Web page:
The Multimedia Newsroom

These college media conventions are, quite truthfully, geared more toward the students in attendance. And, of course, that’s an obvious and appropriate expectation. But there are also opportunities for advisers to get in the game, so to speak, and enjoy some workshops. As an adviser, I do glean useful information from the sessions aimed mostly at students. I also enjoy meeting other advisers at professional development workshops that are focused on adviser issues and at the late-night advisers’ reception. So I don’t treat the trip to the ACP/CMA convention as an opportunity to hole up in my hotel room and grade. I’m actively involved.

This morning, I attended a session titled Multimedia Newsroom hosted by Shawn Duffy of woodwing.com. The workshop didn’t necessarily break any new ground. (We were told it’s important for college newspapers to have Facebook, Twitter, YouTube presences.) But it was useful in that it reinforced a few ideas and reminded me of a few more I had forgotten. Additionally, some participants in the session shared some cool new ideas and tools with the group.

Among them:

  • Put up posters and table tents throughout campus that advertise your newspaper’s online presence. We think so much in terms of the Web that we sometimes forget that something as silly and seemingly superfluous as a poster or a piece of paper attached to a bulletin board can be quite effective, when executed properly. Certainly, this small, obvious idea could potentially drive traffic to the Pendulum Web site.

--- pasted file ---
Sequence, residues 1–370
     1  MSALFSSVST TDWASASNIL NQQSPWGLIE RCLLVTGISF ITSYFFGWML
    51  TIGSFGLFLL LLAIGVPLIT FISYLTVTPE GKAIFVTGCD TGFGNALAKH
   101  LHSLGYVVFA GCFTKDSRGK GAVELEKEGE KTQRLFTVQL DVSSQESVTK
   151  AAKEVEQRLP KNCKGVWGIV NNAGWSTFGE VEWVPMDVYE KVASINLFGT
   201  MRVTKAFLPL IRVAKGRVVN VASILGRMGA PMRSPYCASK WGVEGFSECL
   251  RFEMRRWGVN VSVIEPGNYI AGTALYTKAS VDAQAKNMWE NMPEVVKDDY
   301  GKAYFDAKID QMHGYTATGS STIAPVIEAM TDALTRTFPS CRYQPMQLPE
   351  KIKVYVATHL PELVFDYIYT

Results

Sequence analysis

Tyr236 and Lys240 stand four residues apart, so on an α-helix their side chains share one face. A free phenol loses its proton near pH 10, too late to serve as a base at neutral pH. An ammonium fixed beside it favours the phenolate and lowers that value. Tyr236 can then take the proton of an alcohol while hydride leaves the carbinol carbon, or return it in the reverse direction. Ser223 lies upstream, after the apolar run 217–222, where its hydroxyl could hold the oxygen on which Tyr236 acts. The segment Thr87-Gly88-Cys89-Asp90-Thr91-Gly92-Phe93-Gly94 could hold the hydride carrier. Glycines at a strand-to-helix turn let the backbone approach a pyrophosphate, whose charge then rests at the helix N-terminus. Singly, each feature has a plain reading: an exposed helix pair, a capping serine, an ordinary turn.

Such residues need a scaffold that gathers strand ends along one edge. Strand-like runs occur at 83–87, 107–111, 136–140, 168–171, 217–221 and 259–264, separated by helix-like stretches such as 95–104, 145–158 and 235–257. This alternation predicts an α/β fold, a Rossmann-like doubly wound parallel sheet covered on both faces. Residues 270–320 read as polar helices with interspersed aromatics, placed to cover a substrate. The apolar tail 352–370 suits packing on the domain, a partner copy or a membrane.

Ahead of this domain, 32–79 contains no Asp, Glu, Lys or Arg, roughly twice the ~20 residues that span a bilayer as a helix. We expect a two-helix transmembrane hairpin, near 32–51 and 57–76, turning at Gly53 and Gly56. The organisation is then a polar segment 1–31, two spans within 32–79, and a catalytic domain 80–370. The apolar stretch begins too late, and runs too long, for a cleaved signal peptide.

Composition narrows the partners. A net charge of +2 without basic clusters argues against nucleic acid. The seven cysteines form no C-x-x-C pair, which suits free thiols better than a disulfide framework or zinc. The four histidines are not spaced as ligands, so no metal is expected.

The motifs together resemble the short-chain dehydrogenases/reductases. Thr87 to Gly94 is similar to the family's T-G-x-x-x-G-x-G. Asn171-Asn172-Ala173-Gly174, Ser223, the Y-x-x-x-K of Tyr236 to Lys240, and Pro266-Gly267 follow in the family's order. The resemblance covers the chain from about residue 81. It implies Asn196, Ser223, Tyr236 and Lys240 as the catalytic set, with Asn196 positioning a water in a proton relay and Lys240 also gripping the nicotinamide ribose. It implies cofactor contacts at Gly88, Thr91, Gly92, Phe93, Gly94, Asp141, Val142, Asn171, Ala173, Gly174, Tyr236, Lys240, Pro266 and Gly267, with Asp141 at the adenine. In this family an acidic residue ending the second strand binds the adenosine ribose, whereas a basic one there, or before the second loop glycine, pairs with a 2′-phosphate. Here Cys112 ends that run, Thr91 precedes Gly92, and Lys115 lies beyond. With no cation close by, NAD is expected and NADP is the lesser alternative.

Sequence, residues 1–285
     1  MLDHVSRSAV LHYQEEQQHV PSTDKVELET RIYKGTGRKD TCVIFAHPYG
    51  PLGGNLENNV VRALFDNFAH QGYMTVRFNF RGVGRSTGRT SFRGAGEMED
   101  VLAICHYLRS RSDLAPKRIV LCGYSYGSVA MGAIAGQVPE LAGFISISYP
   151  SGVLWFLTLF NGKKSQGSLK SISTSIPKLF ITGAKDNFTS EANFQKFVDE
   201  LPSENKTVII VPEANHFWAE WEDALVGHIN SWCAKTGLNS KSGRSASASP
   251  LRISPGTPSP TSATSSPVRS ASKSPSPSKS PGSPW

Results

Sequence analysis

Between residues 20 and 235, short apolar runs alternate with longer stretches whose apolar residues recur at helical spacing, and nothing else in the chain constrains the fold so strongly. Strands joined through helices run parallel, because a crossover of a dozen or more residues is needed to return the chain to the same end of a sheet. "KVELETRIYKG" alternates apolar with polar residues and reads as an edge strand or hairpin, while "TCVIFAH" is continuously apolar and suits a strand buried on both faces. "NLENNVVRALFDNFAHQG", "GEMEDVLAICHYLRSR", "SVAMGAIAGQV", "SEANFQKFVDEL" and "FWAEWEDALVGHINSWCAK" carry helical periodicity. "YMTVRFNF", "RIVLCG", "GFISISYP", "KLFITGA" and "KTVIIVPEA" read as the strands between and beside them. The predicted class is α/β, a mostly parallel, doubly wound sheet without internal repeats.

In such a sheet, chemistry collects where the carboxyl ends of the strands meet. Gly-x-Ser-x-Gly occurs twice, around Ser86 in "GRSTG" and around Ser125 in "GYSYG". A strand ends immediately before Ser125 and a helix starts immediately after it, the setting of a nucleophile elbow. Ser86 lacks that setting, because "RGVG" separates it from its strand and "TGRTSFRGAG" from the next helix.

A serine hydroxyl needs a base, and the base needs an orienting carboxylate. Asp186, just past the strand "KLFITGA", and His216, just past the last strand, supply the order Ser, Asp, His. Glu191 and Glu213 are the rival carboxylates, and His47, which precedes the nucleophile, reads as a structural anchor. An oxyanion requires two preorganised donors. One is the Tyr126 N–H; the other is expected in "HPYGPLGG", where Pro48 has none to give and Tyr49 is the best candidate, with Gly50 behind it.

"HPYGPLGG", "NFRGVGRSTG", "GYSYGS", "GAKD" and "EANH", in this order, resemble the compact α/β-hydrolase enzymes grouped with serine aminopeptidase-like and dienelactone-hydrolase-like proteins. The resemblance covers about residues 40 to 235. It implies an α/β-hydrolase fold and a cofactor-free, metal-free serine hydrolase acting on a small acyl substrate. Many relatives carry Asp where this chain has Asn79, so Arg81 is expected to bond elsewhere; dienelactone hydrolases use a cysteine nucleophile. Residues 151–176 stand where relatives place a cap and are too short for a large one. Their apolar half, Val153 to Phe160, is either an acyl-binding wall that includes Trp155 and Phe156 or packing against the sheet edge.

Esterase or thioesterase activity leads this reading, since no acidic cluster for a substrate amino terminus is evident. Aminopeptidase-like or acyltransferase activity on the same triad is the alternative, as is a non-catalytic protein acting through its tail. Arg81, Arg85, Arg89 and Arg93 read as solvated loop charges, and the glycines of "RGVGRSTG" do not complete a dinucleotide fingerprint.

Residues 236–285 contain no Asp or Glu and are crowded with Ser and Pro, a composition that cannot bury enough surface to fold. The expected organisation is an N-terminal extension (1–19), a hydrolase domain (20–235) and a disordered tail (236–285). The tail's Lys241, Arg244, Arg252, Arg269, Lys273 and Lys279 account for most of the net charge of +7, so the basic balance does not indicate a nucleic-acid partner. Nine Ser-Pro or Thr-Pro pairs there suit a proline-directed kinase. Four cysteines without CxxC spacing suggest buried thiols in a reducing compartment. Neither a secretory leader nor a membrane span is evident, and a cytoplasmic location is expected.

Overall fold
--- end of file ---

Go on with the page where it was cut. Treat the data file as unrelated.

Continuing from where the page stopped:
• Use Twitter as a tool to improve headline writing. I’m not a huge fan of Twitter, but this does sound like a practical application.
  • Have reporters turn in stories with suggestions for a headline, a Web headline, a Tweet and a tease. Give them more ownership of the story’s Web presence.
  • Can content be combined online? What partnerships can be forged. See the McHenry County Sports Web site for an example of targeted, collaborative online content.
  • Find some personalities to put on camera and send them out to find stories. Charlie McDuff of the Detroit News is a character, but he finds fantastic stories. Who do we have at Elon who could do the same thing?
  • Remember that Google Maps is still out there, waiting to be used. Google Maps can obviously be used for tracking crime, but it can also be used for a listing of Halloween haunted house locations or in conjunction with restaurant reviews. It’s a great tool.
  • Check out a feature called Newsgarden. It’s great for providing hyperlocal coverage, and it’s something the Pendulum needs to consider using.
  • How could a college publication use Flyp Media? It’s a neat feature and worth exploring.

– Colin Donohue

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